So she reported the incident, but as she learned, the military is not really set up to probe someone as senior as Hyten on such a sensitive matter: “I mean, it’s tricky. It’s not designed to investigate four-star combatant commanders, they have a lot of power in the joint force.”
Col. Don Christensen is a retired JAG military lawyer who works for Protect Our Defenders, an organization “dedicated to ending the epidemic of rape and sexual assault in the military.” He told me that “the Air Force is incapable of holding general officers [i.e., anyone above the rank of colonel] accountable for their crimes, and there have been many worthy of being prosecuted. And this becomes more problematic the more senior that general is. In the Air Force, the possibility that a four-star general would commit a crime is unthinkable.”
Spletstoser had trouble getting the necessary information. “It’s very difficult for victims to get evidence in the military system,” said Christensen. “Names of witness were redacted, and statements weren’t provided. And she made it clear there was information in emails that wasn’t provided.”
She says she didn’t tell anyone that she came forward to the inspector general. “Next thing you know, my special victims counsel is getting calls from reporters,” Spletstoser said. “I’m at work. My email and social media are inundated. People are calling me. It was absolute insanity.”
In June 2019, the investigation concluded that there was insufficient evidence of misconduct by Hyten. Spletstoser wanted the world to know that this wasn’t the same thing as exoneration. She wrote in Air Force Times on Aug. 27: “The law enforcement investigation did not clear Gen. Hyten of misconduct. The Air Force Office of Special Investigations is an evidence-gathering entity—they do not make determinations of innocence or guilt. Instead, a fellow Air Force four-star general simply decided not to hold him accountable despite evidence of misconduct.”
His nomination to the Joint Chiefs still went ahead. In April she came forward with the allegation of sexual harassment. The 59-page Report of Investigation into allegations of sexual assault included “a redacted interview with General Hyten’s wife, Laura Hyten, in which she says her husband was “frustrated with the [polygraph] results of the investigation, which she described as inconclusive.” The report says that Mrs. Hyten later “clarified she did not mean that the polygraph did not go well but rather she understood that the results were inconclusive.”
Hyten’s confirmation hearing was delayed by the allegation. Eventually in July both Hyten and Spletstoser testified at the hearing. “Prior to my going public both the Department of Defense (DoD) and the Air Force unequivocally stated that there was no evidence that I was lying, but Sen. Martha McSally and former Secretary of the Air Force Heather Wilson publicly painted me as a liar in General Hyten’s open confirmation hearing without any evidence and without ever speaking to me,” Spletstoser wrote in Air Force Times.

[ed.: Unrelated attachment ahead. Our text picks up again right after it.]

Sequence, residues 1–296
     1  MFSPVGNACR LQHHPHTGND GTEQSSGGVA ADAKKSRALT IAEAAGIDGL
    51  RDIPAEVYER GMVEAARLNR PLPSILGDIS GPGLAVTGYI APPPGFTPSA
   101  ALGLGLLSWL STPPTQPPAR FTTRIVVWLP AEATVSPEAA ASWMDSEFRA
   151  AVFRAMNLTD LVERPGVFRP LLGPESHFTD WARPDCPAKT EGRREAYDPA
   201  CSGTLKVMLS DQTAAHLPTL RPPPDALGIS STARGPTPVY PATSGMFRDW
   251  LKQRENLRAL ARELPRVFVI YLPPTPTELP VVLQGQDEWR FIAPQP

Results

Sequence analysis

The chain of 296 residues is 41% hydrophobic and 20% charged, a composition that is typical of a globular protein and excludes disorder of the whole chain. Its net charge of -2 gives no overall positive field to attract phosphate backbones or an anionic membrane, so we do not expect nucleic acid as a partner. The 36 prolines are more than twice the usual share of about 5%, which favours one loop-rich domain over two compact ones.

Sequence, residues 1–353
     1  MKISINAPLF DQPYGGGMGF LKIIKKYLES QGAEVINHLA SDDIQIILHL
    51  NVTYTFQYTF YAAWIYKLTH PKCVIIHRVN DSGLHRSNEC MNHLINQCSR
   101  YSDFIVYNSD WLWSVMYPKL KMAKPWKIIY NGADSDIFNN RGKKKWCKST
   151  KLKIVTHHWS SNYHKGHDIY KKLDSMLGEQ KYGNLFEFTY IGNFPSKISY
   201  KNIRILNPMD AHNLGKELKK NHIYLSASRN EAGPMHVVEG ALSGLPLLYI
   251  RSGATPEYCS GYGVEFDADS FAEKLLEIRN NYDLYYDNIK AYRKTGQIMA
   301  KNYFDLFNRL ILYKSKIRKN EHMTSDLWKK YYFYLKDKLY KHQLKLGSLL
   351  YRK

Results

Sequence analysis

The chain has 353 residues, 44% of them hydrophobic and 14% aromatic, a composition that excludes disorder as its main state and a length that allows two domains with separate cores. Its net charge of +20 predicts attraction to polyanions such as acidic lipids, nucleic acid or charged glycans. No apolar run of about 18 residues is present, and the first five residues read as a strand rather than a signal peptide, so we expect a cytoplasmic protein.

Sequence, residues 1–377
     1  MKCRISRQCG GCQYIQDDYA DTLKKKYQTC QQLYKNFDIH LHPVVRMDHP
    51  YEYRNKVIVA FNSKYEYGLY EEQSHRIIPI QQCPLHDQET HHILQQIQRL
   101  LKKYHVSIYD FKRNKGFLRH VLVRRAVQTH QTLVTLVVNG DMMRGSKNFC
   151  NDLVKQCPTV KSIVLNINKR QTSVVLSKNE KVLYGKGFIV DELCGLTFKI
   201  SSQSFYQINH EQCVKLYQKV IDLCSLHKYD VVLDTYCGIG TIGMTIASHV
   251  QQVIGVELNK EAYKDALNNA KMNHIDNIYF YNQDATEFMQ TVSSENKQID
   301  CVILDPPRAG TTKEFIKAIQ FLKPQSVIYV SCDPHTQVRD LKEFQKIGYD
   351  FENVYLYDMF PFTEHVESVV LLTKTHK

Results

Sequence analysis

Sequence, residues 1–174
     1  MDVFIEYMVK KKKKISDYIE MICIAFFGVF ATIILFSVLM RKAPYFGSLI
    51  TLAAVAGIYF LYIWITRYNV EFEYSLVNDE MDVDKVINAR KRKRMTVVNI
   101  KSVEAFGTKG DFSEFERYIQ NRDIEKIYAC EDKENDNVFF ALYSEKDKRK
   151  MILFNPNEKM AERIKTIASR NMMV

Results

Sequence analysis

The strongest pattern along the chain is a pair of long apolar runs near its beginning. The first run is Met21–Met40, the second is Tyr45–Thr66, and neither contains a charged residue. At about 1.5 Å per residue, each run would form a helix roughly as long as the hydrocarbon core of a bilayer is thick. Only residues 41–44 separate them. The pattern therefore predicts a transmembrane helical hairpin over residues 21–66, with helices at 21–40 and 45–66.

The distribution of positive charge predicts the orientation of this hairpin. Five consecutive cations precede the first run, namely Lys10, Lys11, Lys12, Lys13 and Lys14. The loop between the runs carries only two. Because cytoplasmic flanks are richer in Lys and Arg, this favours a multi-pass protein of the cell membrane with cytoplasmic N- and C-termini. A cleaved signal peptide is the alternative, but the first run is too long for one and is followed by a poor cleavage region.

McSally, a former Air Force officer, had stated during the hearing, “The truth is that General Hyten is innocent of these charges.” Her words carried extra weight because, months earlier, McSally came forward publicly to say that she had been raped by a superior officer.
In the month between the testimony and the hearing, August 2019, Breitbart ran three negative articles about Spletstoser, Mollie Hemingway wrote two negative pieces about Spletstoser in The Federalist, and The Hill wrote more than six pieces about the controversy. Many in the media — particularly in conservative media — depicted her as politically motivated despite the fact that she has no political affiliation. “By definition we’re not political,” she said. “My job is to protect and defend the Constitution.”
But the most damaging blow came that same month on The Wall Street Journal op-ed page, which ran a column by Army Maj. Gen. Heidi Brown, the first female combatant command operations officer, which alleged that “While she (Spletstoser) confided in me over various issues, she never brought up an assault by Gen. Hyten.” The idea here was that Spletstoser should have confided in Brown, but Brown retired in late February 2017 and the first alleged attack happened in late January 2017. Also not mentioned in the op-ed is that Hyten had presented Brown with her Distinguished Service Medal.
Spletstoser would not criticize Brown. “I’m not here to say bad things about other women in the Army,” she said. “I’m not here to comment negatively about other women but MG [Retired] Heidi Brown wasn’t there when the sexual assaults happened.”
On Sept. 26, 2019, Hyten was confirmed as the vice chairman of the Joint Chiefs—the vote was 75-22. Hyten had won. Spletstoser had come forward; it didn’t change the senators’ minds.
Spletstoser had been maligned by a member of the Senate, and she had been attacked by numerous conservative journalists. Like most of the women I’ve interviewed who’ve had their lives or aspects of their lives taken from them, she is resolute, but clearly shaken by the experience. A new report from the Journal of Interpersonal Violence said that nearly 60 percent of women in the army experience stalking, or, as it’s defined in this study, “repeated proximity or verbal or written threats that place an individual in reasonable fear of death or bodily harm.”
“My decision to report the behavior was excruciating,” she said. “Up until he was nominated, he was on a retirement track. We both were. I had no choice once it was clear he would be in a position to do this to those serving after me. Any other service member with my level of training would have done the same.” Now she waits to see if the civilian courts will deliver what she says is the justice she’s been denied.
UPDATE: The piece has been changed to reflect the fact that Spletstoser is a full colonel, not a lieutenant colonel, and that Hyten recommended her for brigadier general in a 2017 performance review.